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Fistful of Whist 

This ain't your grandma's card game (but she can play if she wants)

Long before bridge came to dominate the world of card mavens, a game known as bid whist had established itself as the unofficial card game of the African-American community. Transmitted from the Turks to the British in the early twentieth century, the game was later popularized by Pullman porters, who picked up the game from British train travelers.

Since then, "Bid whist has become a universal language among African-American baby boomers," notes Donn Johnson, the Missouri Historical Society's director of communication. Learning the game is even something of a rite of passage for African-American college students.

To commemorate the historical import of bid whist, the MHS has organized a tournament, which will welcome some of the region's best players. The three-year-old tournament -- the brainchild of MHS community-programs manager Marsha Jordan, herself an accomplished player -- will also offer workshops, so that novices can learn the basics from more experienced players.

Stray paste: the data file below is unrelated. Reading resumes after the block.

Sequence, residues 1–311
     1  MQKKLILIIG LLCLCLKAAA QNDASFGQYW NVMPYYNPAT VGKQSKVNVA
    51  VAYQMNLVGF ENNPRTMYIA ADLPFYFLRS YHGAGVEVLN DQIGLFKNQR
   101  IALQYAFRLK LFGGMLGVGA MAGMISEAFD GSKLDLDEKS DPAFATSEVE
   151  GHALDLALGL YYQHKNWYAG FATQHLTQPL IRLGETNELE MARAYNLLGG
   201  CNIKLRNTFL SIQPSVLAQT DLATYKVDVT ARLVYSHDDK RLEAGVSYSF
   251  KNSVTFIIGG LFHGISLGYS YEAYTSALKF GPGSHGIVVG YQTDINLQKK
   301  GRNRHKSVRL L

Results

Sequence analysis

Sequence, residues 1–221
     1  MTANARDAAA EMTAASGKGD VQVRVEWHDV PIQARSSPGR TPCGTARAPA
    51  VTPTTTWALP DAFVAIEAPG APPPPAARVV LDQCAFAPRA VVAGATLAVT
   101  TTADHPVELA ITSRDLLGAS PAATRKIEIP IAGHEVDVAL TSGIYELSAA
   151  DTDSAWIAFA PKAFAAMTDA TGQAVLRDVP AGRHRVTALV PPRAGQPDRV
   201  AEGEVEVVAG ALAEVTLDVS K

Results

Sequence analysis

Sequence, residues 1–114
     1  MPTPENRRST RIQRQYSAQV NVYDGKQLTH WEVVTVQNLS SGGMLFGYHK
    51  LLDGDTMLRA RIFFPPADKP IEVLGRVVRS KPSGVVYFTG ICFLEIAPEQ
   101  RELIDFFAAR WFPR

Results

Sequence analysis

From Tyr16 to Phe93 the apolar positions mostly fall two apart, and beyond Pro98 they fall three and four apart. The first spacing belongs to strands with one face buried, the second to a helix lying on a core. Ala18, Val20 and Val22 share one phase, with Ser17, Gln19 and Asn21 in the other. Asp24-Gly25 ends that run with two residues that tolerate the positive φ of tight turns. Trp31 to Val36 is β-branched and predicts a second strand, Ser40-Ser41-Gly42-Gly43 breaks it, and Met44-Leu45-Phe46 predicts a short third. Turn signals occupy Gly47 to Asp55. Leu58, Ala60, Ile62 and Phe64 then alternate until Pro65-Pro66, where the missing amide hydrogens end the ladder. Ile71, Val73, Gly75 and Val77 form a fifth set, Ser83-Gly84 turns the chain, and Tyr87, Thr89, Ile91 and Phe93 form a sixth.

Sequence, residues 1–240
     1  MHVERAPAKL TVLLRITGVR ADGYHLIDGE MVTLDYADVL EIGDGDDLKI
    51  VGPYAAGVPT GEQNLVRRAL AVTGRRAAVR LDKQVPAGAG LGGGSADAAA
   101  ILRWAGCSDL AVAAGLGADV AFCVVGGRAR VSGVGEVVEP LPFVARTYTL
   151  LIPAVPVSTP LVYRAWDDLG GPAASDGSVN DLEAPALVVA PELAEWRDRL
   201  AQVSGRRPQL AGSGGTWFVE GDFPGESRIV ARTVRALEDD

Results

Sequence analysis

Bid whist can be considered a more informal (and entertaining) cousin to bridge. The game is played by four people -- two tandems square off against one another -- and players make bids announcing how many four-card tricks they expect to win. But unlike bridge, bid whist does not require an ornate bidding system. The game also has a distinct lingo, thanks to the Pullman porters. When one team takes all the tricks, for example, it is called "running a Boston" to commemorate the trip from California to Boston.

Just as important, bid whist also tends to foster a spirit of celebration. It's not uncommon to hear players teasing one another or bragging about their own abilities, often hilariously, whereas bridge players frown on such levity. Which is to say, whether or not you know the game, you are not likely to be bored watching it.

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